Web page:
It is not uncommon for ESD specs to cite only conductivity/resistance. But conductivity/resistance is only part of the equation. To solve a static problem, and ensure that the floor is not a static generator, you must know how much static will build on a person when they walk on the floor. Electrical resistance doesn’t tell you that. Even if resistance tests in the ideal range, some floors will still generate static. The only way to be sure that a floor you’re evaluating will not generate static when people walk is to also test for charge generation.
Testing for Charge Generation
Why do you need to test for charge generation? Because electrical resistance/conductivity is not the same as charge generation; resistance and charge generation are separate properties. Some flooring surfaces, such as conductive epoxy and static-dissipative vinyl, have excellent conductivity, can be grounded, and do a good job of controlling charges on people wearing special ESD-control footwear. Because vinyl and epoxy are made with static-generating base materials, such as plasticizers and polymers, they can prevent charge generation only when the conductive elements in ESD footwear make continual contact with the conductive elements in the floor. ESD vinyl and epoxy will not – and cannot – prevent static on people in street shoes.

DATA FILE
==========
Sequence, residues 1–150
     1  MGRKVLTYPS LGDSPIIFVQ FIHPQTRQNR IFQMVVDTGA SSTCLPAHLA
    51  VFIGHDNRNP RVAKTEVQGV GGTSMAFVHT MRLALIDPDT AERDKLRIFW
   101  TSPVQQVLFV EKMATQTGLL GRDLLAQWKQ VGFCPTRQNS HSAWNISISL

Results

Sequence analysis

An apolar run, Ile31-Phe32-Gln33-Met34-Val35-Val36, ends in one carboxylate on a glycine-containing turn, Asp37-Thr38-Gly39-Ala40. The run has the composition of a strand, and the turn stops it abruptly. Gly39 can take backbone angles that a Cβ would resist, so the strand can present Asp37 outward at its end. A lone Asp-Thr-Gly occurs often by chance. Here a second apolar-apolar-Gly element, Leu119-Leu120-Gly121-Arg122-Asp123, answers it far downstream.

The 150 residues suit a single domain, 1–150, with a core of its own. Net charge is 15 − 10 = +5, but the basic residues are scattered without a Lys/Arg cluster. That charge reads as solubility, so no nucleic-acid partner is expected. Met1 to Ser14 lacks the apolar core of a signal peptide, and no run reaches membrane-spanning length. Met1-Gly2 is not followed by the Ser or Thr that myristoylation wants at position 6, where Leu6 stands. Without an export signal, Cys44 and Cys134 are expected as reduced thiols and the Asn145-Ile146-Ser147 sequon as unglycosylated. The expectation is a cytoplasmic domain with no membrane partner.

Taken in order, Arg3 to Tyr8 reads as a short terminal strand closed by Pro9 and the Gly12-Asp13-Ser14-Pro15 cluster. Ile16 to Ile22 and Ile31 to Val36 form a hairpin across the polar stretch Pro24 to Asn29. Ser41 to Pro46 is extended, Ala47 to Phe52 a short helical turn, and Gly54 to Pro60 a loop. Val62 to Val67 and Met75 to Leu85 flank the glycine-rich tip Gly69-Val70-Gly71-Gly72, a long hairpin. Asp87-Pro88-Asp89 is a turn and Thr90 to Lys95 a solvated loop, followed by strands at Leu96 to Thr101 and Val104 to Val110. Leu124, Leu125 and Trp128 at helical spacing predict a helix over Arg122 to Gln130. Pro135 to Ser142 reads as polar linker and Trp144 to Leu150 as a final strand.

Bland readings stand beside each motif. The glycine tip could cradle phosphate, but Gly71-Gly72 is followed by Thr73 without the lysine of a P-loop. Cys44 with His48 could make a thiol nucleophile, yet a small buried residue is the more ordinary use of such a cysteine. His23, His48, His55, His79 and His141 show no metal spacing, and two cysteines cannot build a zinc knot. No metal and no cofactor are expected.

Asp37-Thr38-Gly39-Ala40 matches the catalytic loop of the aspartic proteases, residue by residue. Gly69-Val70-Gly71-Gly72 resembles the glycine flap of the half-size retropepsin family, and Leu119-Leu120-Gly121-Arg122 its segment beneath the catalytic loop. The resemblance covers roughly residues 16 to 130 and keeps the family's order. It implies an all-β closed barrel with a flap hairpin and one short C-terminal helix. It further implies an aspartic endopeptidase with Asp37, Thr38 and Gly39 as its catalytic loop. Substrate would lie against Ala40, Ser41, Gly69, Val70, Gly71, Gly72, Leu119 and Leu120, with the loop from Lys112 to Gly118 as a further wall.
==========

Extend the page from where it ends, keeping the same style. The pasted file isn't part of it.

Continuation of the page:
Think about it this way: your skin/hand is conductive, like an ESD floor. A balloon is not conductive, like the soles on the shoes you are probably wearing. Even though your hand is a conductor, when you rub the balloon it generates enough static to make your hair stand up. The same happens when we walk on a static-dissipative vinyl floor wearing the latest Nike sneakers.
That’s why we must test for charge generation regardless of how good or bad the floor’s electrical resistance.